This paper assesses how globalisation has shaped the economic environment in which the ECB operates and discusses whether this warrants adjustments to the monetary policy strategy. The paper first looks at how trade and financial integration have evolved since the last strategy review in 2003. It then examines the effects of these developments on global productivity growth, the natural interest rate (r*), inflation trends and monetary transmission. While trade globalisation initially boosted productivity growth, this effect may be waning as trade integration slows and market contestability promotes a winner-takes-all environment. The impact of globalisation on r* has been ambiguous: downward pressures, fuelled by global demand for safe assets and an increase in the propensity to save against a background of rising inequality, are counteracted by upward pressures, from the boost to global productivity associated with greater trade integration. Headline inflation rates have become more synchronised globally, largely because commodity prices are increasingly determined by global factors. Meanwhile, core inflation rates show a lower degree of commonality. Globalisation has made a rather modest contribution to the synchronised fall in trend inflation across countries and contributed only moderately to the reduction in the responsiveness of inflation to changes in activity. Regarding monetary transmission, globalisation has made the role of the exchange rate more complex by introducing new mechanisms through which it affects financial conditions, real activity and price dynamics. Against the background of this discussion, the paper then examines the implications for the ECB’s monetary policy strategy. In doing so, it asks two questions. How is the ECB’s economic and monetary analysis affected by globalisation? And how does globalisation influence the choice of the ECB’s monetary policy objective and instruments? ...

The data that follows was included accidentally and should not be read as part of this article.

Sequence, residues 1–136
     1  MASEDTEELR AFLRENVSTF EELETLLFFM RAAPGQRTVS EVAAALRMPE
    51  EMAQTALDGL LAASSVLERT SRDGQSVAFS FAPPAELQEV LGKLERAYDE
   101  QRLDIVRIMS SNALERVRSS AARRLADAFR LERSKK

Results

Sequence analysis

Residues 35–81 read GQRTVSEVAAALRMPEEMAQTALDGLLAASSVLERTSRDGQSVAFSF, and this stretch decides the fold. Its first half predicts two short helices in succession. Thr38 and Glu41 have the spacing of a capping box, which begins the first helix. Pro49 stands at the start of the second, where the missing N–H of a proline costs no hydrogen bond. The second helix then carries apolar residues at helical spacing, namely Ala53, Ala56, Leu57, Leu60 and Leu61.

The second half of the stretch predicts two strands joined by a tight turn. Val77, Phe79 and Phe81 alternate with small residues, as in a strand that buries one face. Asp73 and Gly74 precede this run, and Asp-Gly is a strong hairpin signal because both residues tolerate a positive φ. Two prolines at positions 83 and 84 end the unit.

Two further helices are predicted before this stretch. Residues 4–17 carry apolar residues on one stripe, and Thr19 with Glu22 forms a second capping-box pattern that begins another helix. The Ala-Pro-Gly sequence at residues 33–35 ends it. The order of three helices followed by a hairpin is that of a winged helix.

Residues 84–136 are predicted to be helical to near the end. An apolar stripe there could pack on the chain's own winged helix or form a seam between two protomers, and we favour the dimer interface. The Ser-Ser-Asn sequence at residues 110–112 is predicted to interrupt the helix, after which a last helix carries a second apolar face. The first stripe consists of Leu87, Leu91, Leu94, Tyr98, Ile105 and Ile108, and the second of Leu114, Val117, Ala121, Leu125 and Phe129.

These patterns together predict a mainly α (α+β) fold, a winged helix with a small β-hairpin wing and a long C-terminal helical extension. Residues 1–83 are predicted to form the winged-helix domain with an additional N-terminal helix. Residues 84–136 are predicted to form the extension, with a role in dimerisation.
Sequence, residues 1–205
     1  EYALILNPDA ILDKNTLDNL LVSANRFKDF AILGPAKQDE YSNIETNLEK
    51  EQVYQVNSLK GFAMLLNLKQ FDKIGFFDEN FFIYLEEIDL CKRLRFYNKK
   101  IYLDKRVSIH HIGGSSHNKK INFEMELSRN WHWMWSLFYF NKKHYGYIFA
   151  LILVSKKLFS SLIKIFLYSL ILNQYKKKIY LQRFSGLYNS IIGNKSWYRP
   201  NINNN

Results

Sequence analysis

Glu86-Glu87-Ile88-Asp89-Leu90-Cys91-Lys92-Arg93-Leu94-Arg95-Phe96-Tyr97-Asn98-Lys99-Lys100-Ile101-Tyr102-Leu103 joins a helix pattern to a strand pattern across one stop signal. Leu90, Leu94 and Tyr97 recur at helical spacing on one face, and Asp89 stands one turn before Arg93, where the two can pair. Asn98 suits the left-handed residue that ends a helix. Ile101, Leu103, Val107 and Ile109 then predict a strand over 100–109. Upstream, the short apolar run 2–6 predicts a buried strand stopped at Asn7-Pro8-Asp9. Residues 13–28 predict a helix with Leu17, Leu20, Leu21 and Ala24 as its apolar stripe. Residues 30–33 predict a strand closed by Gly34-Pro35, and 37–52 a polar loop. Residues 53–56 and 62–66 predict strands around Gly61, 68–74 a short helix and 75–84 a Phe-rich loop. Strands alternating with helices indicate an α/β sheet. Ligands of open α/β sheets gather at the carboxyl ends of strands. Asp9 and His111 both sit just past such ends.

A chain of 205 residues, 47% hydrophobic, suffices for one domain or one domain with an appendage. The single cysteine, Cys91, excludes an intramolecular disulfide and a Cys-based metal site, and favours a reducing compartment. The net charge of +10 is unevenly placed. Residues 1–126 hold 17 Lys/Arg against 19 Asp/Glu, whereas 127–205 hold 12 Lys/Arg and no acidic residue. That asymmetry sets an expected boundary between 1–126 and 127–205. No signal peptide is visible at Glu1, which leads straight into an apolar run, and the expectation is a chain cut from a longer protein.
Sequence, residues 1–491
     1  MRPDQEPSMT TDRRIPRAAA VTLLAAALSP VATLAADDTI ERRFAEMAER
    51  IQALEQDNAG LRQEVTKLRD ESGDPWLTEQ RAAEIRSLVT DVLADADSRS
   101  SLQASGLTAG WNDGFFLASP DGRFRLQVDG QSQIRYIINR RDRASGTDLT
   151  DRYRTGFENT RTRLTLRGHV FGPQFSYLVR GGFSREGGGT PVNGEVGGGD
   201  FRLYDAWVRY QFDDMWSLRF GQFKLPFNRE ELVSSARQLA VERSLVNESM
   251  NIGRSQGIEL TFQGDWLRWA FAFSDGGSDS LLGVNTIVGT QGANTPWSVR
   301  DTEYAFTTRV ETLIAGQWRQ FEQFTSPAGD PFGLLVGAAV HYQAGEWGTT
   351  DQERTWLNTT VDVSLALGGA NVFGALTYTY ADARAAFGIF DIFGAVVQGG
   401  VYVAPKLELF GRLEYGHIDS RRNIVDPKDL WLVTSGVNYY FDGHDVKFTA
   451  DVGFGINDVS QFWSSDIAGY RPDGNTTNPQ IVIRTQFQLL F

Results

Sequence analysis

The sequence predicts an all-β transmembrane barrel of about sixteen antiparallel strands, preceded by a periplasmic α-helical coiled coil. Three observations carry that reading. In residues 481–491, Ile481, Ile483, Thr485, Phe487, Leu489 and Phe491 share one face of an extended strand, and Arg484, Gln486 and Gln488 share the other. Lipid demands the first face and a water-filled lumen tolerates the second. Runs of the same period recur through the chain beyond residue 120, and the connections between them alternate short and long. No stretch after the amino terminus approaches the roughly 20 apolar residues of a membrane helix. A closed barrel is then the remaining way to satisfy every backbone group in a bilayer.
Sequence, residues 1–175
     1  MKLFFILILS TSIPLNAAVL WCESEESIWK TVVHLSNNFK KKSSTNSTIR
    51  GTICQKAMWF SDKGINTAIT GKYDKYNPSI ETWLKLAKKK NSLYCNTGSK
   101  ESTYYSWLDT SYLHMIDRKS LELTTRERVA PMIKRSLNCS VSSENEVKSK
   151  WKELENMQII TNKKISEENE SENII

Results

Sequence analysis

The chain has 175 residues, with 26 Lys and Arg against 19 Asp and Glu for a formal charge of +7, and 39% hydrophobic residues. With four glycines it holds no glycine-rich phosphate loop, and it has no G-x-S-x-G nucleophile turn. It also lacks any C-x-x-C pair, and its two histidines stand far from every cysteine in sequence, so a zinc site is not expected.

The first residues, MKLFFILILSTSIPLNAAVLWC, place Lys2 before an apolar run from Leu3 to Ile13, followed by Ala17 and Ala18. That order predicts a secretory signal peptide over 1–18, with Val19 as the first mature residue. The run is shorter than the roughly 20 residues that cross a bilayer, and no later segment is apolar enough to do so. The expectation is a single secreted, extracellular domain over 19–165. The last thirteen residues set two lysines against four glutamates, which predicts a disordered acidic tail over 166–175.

JEL Code
E58 : Macroeconomics and Monetary Economics→Monetary Policy, Central Banking, and the Supply of Money and Credit→Central Banks and Their Policies